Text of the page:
Every time you throw something out of the fridge, you're also throwing out cash. Money you spent to feed yourself and your family, that now won't get to do its purpose. While the food itself may have gone bad, the money you spent didn't lose any of its already used value. However, there are a number of steps you can take to help reduce the amount of waste, all while saving money. Just by planning better and shopping less often, you can work to even out your grocery shopping habits.
Save as much as possible – while wasting as little as possible – with these easy tips:
Virtually every grocery store releases a weekly ad to let shoppers now what's on sale. Whether you get this in the mail or check in online, use these prices to create your weekly shopping list. It's a surefire way to get the lowest prices, and will help you base meals off a budget, not what "sounds good" the next time you're browsing grocery shelves.
This will cut way back on what you need vs. what's draining your funds. Pick up all of your groceries at once, and plan for entire meals when doing so. You can, of course, miss out on an item here and there – but chances are you can make do and save yourself the hassle and the expense.
Don't let those extras just sit in the pantry and collect dust, use them! Best-case scenario: pair them with your biggest sales for the week. However, you can also pick up new items in order to use what you have on hand. This is a step that will cut back on expenses, and bring you extra storage space into the pantry.
Just because something isn’t on sale doesn't mean it's not priced at a good value. Plenty of stores keep regular deals on hand, while in contrast, there are those who jack up prices on purpose, only to slash them in order to sell. Instead of looking for these hidden tricks, understand your price point and know what's considered fair. This will allow you to save and shop, while cutting out additional legwork.
Again, it's all about value. Check the price-per-ounce (provided by the grocery store on the tag), then compare how much will actually be able to be eaten by your family. It's true that bulk items are often cheaper, but when it's something that expires quickly, it often goes bad before you can eat it. In these cases, shop smaller (or freeze) so you're getting the biggest value for your dollar.
There's coupons for everything these days. Save $.50 here, $1.15 there – if you're spending big, the freebies can really add up. However, nothing saves more than not buying something at all. While coupons are certainly your friend, be sure to save them for foods you actually need. Don't go buying something just because "it's a good deal."
If something is easy to get to, it's likely because stores want you to buy it – for instance, because it's over-priced. Instead of shopping for the obvious, dig deeper and get some deals. Some of the hardest places to get to are up on high shelves, clear at the bottom of aisles, and into any bargain sections, which are often dead ends or around a corner.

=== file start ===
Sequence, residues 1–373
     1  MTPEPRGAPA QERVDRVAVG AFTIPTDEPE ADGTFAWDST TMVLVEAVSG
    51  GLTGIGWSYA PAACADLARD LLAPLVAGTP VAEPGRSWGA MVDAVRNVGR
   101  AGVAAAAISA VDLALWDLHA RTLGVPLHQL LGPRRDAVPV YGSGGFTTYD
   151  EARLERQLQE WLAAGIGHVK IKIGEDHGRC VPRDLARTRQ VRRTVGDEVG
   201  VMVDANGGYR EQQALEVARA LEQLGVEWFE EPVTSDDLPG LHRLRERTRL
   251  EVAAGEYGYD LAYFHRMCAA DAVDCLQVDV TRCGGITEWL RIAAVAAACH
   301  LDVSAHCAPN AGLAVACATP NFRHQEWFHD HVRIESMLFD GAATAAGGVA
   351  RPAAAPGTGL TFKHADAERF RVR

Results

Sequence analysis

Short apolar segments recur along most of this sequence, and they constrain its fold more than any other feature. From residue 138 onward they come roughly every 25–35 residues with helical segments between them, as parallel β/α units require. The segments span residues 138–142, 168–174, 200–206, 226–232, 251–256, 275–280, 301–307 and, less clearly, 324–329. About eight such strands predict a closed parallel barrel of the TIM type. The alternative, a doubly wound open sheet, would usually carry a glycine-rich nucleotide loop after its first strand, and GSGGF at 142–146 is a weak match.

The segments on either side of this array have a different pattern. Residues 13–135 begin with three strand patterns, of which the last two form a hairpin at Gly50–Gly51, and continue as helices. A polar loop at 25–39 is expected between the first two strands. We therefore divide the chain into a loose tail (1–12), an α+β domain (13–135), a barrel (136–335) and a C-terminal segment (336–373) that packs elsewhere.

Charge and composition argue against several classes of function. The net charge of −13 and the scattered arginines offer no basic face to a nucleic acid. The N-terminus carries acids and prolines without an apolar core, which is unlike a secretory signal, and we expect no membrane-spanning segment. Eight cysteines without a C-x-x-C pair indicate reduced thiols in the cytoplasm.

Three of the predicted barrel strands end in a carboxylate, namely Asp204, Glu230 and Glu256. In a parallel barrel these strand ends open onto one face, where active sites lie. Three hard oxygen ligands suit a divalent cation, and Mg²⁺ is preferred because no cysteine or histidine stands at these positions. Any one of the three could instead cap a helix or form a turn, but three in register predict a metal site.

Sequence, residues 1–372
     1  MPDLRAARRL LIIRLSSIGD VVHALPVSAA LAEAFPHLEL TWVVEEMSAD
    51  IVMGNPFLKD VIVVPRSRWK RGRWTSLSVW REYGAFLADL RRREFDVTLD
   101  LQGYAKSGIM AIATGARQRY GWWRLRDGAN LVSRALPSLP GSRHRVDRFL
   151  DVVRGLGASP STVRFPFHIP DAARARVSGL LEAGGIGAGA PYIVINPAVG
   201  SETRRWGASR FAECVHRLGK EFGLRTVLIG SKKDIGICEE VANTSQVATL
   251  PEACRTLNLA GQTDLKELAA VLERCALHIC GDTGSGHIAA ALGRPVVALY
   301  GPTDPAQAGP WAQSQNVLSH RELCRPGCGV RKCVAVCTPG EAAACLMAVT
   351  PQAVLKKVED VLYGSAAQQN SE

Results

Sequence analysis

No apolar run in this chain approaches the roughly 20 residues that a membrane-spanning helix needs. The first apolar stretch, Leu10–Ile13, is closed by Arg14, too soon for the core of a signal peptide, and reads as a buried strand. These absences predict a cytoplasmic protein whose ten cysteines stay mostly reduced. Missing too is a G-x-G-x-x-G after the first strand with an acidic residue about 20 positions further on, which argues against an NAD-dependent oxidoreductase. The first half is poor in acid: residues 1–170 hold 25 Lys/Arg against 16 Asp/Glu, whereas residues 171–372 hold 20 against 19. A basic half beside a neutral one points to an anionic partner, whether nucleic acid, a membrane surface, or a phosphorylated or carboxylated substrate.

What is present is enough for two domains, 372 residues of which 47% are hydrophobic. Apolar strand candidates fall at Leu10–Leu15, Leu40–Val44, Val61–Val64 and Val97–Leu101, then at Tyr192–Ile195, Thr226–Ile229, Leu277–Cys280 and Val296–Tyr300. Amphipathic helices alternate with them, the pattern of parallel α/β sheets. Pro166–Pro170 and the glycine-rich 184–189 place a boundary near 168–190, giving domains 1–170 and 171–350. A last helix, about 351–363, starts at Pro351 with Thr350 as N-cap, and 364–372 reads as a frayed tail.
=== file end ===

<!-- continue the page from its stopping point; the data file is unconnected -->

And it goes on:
If it comes ready to eat – such as a veggie platter, sandwich, cheese tray, etc. – it's likely because it's over-priced. While there is less work to do, there is also less food. You're essentially paying for the grocery store's time, not their product.
Fruits and veggies are grown year-round, but depending on the time of year, they might have to travel significantly. In order to save, choose items that are in-season, and therefore weren't shipped. This reduces price through travel fees alone, and allows you produce that's fresher while costing less.
End-cap items can be tempting, and when you're hungry there are so many items that catch your eye – but don't stray! Picking up even one extra item can get expensive when it's done every single time. If it's a necessity, put it on the list, otherwise, leave it alone.
Never. Don't do it. It won't work – trust us. You'll end up with one of everything and no money in the bank.
To avoid over-spending, don't re-stock items until they're dangerously low. This goes for pasta, rice, beans, frozen veggies, or anything else that won't go bad. Then, buy in bulk to get a better price. It's a step that will keep your cabinet full for the long haul, and save you from having to re-stock as often.
This stuff is expensive. If you can stand to eat less of it (while filling in on protein through other foods), it's a step that could save you some serious dough. Beans, nuts, and dairies are all a viable protein alternative.
When you're worried about ingredients going bad, it's better to use them up quickly. But that doesn't mean you have to eat them quickly too. Cook big meals and portion them out to keep in the freezer. That way you can still gain a variety of meals, but while saving on time in the kitchen, and staying within your budget.
SEE ALSO: 10 One-Pan Meals Anyone Can Cook
Sometimes we just have "our brand" that seems to taste better than anyone else's. However, those also likely mean the highest prices. If you can wean yourself off of these expensive habits, you can save a great deal of money. Besides, it also gives you the opportunity to get creative with recipes and add your own twist of cooking flare.